"I must be the strongest man in all the world!" thought the charcoal-burner, as he proudly resumed his way, "for Choggenmugger has been the terror of Regos since the world began, and I alone have been able to destroy the beast. Yet it is singular' that never before did I discover how powerful a man I am."
He met no further adventure and at midday reached a little clearing in the forest where stood his humble cabin.
"Great news! I have great news for you," he shouted, as his wife and little daughter came to greet him. "King Gos has been conquered by a boy Prince from the far island of Pingaree, and I have this day -- unaided -- destroyed Choggenmugger by the might of my strong arm.
This was, indeed, great news. They brought Nikobob into the house and set him in an easy chair and made him tell everything he knew about the Prince of Pingaree and the fat King of Gilgad, as well as the details of his wonderful fight with mighty Choggenmugger.
"And now, my daughter," said the charcoalburner, when all his news had been related for at least the third time, "here is a pretty present I have brought you from the city."
With this he drew the shoes from the pocket of his coat and handed them to Zella, who gave him a dozen kisses in payment and was much pleased with her gift. The little girl had never worn shoes before, for her parents were too poor to buy her such luxuries, so now the possession of these, which were not much worn, filled the child's heart with joy. She admired the red leather and the graceful curl of the pointed toes. When she tried them on her feet, they fitted as well as if made for her.
All the afternoon, as she helped her mother with the housework, Zella thought of her pretty shoes. They seemed more important to her than the coming to Regos of the conquering Prince of Pingaree, or even the death of Choggenmugger.
When Zella and her mother were not working in the cabin, cooking or sewing, they often searched the neighboring forest for honey which the wild bees cleverly hid in hollow trees. The day after Nikobob's return, as they were starting out after honey, Zella decided to put on her new shoes, as they would keep the twigs that covered the ground from hurting her feet. She was used to the twigs, of course, but what is the use of having nice, comfortable shoes, if you do not wear them?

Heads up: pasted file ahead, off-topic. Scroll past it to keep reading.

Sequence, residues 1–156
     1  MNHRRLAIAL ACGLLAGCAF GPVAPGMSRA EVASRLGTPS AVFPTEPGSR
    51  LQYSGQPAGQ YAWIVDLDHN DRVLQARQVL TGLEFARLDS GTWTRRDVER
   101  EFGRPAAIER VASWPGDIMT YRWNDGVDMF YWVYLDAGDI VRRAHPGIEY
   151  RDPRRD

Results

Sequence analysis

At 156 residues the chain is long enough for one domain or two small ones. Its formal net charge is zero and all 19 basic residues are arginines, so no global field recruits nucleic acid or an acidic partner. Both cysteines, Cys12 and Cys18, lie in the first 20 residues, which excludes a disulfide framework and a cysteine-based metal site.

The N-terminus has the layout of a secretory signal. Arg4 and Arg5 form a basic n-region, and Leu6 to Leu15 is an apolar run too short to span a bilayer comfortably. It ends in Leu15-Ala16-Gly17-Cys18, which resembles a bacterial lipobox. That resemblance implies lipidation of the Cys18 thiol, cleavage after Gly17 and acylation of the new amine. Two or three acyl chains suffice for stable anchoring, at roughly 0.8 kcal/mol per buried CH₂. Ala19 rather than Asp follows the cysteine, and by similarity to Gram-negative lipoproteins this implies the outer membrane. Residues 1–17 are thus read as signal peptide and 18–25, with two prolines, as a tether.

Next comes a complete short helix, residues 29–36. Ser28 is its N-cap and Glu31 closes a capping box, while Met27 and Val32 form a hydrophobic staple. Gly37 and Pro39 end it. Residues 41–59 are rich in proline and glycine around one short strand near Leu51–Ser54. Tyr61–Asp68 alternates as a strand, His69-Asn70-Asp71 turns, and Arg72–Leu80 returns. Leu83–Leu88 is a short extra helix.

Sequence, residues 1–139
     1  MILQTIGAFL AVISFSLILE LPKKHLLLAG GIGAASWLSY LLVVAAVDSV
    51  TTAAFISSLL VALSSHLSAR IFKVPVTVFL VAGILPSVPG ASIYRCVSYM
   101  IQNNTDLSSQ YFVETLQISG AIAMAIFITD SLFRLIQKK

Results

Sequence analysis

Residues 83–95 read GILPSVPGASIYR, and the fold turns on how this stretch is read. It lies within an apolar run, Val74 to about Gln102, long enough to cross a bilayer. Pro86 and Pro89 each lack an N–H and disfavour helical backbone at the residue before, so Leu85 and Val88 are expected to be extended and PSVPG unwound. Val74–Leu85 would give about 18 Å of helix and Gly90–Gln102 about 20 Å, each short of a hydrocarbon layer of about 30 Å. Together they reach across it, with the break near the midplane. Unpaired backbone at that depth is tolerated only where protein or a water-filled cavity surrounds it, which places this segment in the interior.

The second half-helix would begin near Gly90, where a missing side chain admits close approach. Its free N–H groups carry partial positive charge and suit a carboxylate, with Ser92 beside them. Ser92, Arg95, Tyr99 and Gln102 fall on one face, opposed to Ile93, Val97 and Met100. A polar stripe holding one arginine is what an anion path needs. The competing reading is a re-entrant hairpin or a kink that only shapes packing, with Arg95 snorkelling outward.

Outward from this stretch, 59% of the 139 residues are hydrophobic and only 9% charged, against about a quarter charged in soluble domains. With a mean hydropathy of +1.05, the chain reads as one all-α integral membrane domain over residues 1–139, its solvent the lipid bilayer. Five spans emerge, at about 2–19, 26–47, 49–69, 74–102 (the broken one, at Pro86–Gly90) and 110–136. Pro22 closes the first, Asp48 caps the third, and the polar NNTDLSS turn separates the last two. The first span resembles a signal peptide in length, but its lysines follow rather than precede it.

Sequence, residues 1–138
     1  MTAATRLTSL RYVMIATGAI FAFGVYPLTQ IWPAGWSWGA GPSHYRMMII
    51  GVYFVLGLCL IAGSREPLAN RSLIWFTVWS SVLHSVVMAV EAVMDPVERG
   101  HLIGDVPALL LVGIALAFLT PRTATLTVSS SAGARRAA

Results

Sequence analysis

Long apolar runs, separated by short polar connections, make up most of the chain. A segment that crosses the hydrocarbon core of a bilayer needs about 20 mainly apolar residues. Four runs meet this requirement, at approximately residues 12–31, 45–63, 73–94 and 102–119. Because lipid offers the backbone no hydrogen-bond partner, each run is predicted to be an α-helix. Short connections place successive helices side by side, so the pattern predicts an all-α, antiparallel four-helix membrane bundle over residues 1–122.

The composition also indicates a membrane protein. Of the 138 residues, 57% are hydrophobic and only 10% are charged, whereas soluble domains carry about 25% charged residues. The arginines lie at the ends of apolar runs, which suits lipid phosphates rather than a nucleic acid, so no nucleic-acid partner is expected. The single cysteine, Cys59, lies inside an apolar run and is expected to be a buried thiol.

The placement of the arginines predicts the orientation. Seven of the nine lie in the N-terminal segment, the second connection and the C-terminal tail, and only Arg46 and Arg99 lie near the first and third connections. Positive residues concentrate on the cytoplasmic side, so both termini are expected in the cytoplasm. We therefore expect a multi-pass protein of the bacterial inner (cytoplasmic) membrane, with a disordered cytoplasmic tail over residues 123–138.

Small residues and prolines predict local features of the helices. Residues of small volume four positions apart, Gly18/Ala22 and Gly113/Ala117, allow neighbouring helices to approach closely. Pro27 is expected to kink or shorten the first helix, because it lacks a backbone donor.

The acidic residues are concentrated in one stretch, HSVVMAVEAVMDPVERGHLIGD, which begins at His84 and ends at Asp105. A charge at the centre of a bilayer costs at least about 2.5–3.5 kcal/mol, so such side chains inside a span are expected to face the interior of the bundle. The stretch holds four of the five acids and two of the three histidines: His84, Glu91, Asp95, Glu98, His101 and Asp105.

So she danced along, very happily, followed by her mother, and presently they came to a tree in which was a deep hollow. Zella thrust her hand and arm into the space and found that the tree was full of honey, so she began to dig it out with a wooden paddle. Her mother, who held the pail, suddenly cried in warning:
"Look out, Zella; the bees are coming!" and then the good woman ran fast toward the house to escape.
Zella, however, had no more than time to turn her head when a thick swarm of bees surrounded her, angry because they had caught her stealing their honey and intent on stinging the girl as a punishment. She knew her danger and expected to be badly injured by the multitude of stinging bees, but to her surprise the little creatures were unable to fly close enough to her to stick their dart-like stingers into her flesh. They swarmed about her in a dark cloud, and their angry buzzing was terrible to hear, yet the little girl remained unharmed.
When she realized this, Zella was no longer afraid but continued to ladle out the honey until she had secured all that was in the tree. Then she returned to the cabin, where her mother was weeping and bemoaning the fate of her darling child, and the good woman was greatly astonished to find Zella had escaped injury.
Again they went to the woods to search for honey, and although the mother always ran away whenever the bees came near them, Zella paid no attention to the creatures but kept at her work, so that before supper time came the pails were again filled to overflowing with delicious honey.
"With such good fortune as we have had this day," said her mother, "we shall soon gather enough honey for you to carry to Queen Cor." For it seems the wicked Queen was very fond of honey and it had been Zella's custom to go, once every year, to the City of Coregos, to carry the Queen a supply of sweet honey for her table. Usually she had but one pail.
"But now," said Zella, "I shall be able to carry two pailsful to the Queen, who will, I am sure, give me a good price for it."
"True," answered her mother, "and, as the boy Prince may take it into his head to conquer Coregos, as well as Regos, I think it best for you to start on your journey to Queen Cor tomorrow morning. Do you not agree with me, Nikobob?" she added, turning to her husband, the charcoal-burner, who was eating his supper.
"I agree with you," he replied. "If Zella must go to the City of Coregos, she may as well start to-morrow morning."
Rinkitink In Oz -by- L. Frank Baum